The short- and long-term effects of spacecraft explosions, as a function of the end-of-life re-orbit altitude above the geostationary orbit (GEO), were analyzed in terms of their additional contribution to the debris flux in the GEO ring. The simulated debris clouds were propagated for 72 yrs, taking into account all the relevant orbital perturbations.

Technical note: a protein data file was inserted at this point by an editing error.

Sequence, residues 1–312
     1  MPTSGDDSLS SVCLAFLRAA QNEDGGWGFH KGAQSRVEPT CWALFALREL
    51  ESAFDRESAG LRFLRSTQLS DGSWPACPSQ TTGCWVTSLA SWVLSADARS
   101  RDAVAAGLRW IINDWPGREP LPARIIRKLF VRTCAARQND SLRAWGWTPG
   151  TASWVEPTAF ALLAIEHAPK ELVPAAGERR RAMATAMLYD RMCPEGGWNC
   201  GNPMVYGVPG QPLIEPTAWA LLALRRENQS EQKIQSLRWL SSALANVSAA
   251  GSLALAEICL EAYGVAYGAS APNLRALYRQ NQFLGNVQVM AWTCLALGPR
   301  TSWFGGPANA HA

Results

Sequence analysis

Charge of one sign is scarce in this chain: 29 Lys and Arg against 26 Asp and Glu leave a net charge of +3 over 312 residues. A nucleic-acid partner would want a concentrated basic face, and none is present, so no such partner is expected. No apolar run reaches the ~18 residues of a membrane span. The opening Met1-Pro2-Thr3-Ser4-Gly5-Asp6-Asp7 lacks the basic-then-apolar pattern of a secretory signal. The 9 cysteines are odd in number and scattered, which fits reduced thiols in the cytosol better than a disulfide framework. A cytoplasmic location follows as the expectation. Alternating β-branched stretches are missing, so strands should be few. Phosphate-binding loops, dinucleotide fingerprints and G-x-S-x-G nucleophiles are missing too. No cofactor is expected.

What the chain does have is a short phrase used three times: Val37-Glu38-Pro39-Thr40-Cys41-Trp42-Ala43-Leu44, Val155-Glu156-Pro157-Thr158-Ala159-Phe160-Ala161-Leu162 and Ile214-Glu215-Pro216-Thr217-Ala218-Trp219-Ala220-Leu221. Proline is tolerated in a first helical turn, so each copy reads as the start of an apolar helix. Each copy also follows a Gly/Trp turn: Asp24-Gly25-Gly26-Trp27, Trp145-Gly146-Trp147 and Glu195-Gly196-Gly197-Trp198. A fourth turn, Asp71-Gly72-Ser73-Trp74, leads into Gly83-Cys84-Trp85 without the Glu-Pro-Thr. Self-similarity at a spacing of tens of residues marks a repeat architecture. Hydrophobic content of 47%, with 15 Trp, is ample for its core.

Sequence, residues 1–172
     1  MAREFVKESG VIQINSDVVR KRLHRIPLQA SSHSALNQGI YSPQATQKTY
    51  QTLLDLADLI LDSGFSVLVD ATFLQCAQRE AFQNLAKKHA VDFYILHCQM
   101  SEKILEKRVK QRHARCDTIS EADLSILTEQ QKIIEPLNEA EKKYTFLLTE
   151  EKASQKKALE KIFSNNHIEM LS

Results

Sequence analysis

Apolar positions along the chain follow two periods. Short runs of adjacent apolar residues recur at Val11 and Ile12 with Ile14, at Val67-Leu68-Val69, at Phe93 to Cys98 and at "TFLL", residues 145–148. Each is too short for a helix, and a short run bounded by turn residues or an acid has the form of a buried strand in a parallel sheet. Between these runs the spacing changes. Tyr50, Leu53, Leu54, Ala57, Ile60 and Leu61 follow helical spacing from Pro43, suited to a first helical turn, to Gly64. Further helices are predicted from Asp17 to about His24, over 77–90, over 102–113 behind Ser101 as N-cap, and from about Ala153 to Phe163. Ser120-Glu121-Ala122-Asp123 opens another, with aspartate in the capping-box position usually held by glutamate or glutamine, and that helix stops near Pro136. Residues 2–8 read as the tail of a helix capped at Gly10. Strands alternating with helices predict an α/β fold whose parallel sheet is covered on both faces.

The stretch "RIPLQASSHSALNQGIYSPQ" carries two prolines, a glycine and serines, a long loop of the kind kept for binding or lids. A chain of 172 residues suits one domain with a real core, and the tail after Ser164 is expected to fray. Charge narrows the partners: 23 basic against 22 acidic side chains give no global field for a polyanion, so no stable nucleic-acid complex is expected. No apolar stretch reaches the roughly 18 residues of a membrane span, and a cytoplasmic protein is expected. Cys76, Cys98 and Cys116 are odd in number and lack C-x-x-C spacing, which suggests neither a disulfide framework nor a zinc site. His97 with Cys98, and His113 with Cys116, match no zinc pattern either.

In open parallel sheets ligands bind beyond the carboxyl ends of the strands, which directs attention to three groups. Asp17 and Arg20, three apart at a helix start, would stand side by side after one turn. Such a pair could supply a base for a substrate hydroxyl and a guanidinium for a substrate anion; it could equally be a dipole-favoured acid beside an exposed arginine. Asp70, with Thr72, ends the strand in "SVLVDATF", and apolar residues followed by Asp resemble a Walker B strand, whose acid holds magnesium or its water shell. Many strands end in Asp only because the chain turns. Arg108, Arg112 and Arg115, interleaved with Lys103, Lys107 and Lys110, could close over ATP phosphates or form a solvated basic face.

The results obtained show that 6–7 additional explosions in GEO would be sufficient, in the long term, to double the current collision risk with sizable objects in GEO. Unfortunately, even if spacecraft were to re-orbit between 300 and 500 km above GEO, this would not significantly improve the situation. In fact, an altitude increase of at least 2000 km would have to be adopted to reduce by one order of magnitude the long-term risk of collision among geostationary satellites and explosion fragments. The optimal debris mitigation strategy should be a compromise between the reliability and effectiveness of spacecraft end-of-life passivation, the re-orbit altitude and the acceptable debris background in the GEO ring. However, for as long as the re-orbit altitudes currently used are less than 500 km above GEO, new spacecraft explosions must be avoided in order to preserve the geostationary environment over the long term.